Since closing its merger with Sprint seven months ago, T-Mobile has been driving hard on integration including unifying employees and customers under one brand, rapidly improving the Sprint customer experience, and quickly rolling out 2.5 GHz spectrum to build the world’s best 5G network. Merger synergies are being realized faster than expected and the company expects to deliver more than $1.2 billion of synergies in 2020.
“Last quarter T-Mobile overtook AT&T to become #2 in U.S. wireless and today we announced our highest ever postpaid net adds. Now, with over 100 million wireless customers and America’s largest 5G network, there is no doubt that we’re the growth leader in wireless,” said Mike Sievert, T–Mobile CEO. “Customers are choosing T-Mobile in record numbers because we are the only ones that can deliver this combination of value and experience with a true 5G network that is available to customers in every single state! We’re consistently and profitably outpacing the competition – and we’re just getting started!”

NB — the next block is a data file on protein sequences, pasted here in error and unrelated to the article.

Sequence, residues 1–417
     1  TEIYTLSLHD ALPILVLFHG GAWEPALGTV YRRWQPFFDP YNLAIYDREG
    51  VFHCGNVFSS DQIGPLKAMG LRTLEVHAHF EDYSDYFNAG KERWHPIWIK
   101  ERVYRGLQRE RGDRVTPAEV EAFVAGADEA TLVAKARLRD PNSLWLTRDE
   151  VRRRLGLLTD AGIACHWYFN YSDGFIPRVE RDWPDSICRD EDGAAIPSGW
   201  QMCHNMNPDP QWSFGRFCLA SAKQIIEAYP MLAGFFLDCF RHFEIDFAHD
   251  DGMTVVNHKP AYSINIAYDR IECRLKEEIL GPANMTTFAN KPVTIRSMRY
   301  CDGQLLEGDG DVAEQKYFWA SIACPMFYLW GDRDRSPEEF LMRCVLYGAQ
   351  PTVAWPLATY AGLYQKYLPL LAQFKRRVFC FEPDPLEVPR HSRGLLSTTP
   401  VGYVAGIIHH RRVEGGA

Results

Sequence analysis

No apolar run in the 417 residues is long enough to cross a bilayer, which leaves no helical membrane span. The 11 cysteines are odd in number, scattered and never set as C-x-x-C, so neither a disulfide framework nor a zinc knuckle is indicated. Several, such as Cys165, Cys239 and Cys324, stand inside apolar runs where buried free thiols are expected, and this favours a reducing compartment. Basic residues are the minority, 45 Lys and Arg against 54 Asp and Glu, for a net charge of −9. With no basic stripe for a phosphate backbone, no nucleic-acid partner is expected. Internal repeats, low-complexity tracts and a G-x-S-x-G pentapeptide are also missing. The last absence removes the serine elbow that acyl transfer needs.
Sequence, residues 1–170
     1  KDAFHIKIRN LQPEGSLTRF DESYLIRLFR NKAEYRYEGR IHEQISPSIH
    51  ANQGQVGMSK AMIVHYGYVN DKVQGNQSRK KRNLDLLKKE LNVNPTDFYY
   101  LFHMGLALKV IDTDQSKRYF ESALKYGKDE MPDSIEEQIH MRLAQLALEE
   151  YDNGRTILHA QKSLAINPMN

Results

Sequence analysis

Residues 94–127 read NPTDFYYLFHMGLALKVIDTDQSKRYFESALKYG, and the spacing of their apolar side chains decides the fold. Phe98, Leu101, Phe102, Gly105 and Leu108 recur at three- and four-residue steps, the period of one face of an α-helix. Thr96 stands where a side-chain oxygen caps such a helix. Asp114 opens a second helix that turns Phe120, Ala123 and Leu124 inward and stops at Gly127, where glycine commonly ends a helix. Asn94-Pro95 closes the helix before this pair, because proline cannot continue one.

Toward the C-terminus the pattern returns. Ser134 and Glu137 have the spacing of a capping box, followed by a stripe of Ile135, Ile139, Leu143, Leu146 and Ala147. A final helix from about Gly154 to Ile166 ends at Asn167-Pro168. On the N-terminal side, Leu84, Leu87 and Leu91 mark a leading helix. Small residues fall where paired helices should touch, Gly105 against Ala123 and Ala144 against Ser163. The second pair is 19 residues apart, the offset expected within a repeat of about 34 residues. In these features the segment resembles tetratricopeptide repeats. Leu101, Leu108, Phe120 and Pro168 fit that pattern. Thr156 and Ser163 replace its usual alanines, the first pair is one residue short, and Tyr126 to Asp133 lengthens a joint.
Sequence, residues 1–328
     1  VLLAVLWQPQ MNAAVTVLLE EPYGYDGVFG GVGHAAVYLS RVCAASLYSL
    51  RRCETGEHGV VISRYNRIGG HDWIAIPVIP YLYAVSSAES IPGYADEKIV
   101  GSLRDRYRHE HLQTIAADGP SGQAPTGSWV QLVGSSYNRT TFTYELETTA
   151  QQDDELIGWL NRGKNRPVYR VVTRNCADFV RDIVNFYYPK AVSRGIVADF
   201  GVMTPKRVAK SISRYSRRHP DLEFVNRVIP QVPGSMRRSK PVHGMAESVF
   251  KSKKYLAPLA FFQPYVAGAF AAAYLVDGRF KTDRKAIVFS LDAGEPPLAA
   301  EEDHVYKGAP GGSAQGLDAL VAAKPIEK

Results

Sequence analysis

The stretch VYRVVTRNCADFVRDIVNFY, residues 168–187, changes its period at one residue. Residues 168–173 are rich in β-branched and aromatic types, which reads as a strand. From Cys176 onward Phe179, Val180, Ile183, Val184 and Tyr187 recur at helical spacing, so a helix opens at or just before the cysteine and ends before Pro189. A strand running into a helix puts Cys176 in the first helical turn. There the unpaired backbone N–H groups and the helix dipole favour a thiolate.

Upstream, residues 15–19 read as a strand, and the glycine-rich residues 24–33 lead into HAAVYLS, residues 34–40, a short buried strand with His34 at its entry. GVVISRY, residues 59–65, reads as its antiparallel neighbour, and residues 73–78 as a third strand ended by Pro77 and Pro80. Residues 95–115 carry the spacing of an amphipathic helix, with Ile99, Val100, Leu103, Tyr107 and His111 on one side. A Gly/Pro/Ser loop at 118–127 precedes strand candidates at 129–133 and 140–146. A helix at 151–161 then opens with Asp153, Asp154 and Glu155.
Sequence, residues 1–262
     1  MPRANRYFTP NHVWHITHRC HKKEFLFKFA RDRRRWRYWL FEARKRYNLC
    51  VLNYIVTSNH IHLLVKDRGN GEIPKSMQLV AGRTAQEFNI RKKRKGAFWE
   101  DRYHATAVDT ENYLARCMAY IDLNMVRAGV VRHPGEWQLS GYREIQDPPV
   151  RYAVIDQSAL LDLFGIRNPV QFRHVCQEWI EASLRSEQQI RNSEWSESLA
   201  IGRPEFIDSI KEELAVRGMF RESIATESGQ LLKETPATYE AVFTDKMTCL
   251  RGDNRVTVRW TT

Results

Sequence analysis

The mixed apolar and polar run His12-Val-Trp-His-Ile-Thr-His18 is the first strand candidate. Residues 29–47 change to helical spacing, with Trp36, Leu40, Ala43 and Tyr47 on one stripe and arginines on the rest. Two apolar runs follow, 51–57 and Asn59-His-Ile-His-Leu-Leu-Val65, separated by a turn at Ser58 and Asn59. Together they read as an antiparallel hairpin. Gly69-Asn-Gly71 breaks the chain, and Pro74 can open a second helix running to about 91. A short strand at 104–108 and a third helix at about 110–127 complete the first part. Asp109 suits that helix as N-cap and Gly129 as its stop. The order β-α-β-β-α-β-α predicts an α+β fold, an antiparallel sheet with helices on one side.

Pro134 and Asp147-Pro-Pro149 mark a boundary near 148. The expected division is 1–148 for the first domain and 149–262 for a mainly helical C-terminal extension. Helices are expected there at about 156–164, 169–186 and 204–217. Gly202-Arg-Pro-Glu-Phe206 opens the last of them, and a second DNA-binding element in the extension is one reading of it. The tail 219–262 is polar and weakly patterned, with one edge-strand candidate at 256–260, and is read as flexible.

T-Mo’s strong financial results included:
• Total service revenues increased year-over-year to $14.1 billion in Q3 2020, driven by the Sprint merger and continued customer growth.
• Total revenues increased year-over-year to $19.3 billion in Q3 2020, driven by the Sprint merger and continued customer growth.
• Net income increased year-over-year to $1.3 billion in Q3 2020, as revenue growth outpaced expense increases. Merger-related costs were $288 million pre-tax and $208 million, net of tax, in Q3 2020.
• EPS was relatively flat year-over-year at $1.00 in Q3 2020, as growth in net income was offset by a higher number of outstanding shares as a result of the Sprint merger.
• Adjusted EBITDA increased year-over-year to $7.1 billion in Q3 2020 primarily due to the Sprint merger and continued customer growth.
• Net cash provided by operating activities increased year-over-year to $2.8 billion in Q3 2020.
• Cash purchases of property and equipment including capitalized interest increased year-over-year to $3.2 billion in Q3 2020, as the company accelerated the build-out of its nationwide 5G network and ramped network integration activities related to the Sprint merger.
• Free Cash Flow decreased year-over-year to $352 million in Q3 2020.